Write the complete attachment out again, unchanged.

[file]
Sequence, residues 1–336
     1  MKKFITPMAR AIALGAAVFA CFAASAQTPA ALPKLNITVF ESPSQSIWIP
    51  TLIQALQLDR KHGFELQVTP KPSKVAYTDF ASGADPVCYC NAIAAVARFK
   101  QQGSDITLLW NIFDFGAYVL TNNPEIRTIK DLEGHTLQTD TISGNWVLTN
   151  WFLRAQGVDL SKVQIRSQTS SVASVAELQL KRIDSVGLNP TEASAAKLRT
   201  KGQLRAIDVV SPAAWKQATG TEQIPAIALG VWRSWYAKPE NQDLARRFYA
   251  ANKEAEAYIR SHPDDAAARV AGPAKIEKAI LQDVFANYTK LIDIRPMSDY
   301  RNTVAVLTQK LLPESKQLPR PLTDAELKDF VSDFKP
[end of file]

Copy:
Sequence, residues 1–336
     1  MKKFITPMAR AIALGAAVFA CFAASAQTPA ALPKLNITVF ESPSQSIWIP
    51  TLIQALQLDR KHGFELQVTP KPSKVAYTDF ASGADPVCYC NAIAAVARFK
   101  QQGSDITLLW NIFDFGAYVL TNNPEIRTIK DLEGHTLQTD TISGNWVLTN
   151  WFLRAQGVDL SKVQIRSQTS SVASVAELQL KRIDSVGLNP TEASAAKLRT
   201  KGQLRAIDVV SPAAWKQATG TEQIPAIALG VWRSWYAKPE NQDLARRFYA
   251  ANKEAEAYIR SHPDDAAARV AGPAKIEKAI LQDVFANYTK LIDIRPMSDY
   301  RNTVAVLTQK LLPESKQLPR PLTDAELKDF VSDFKP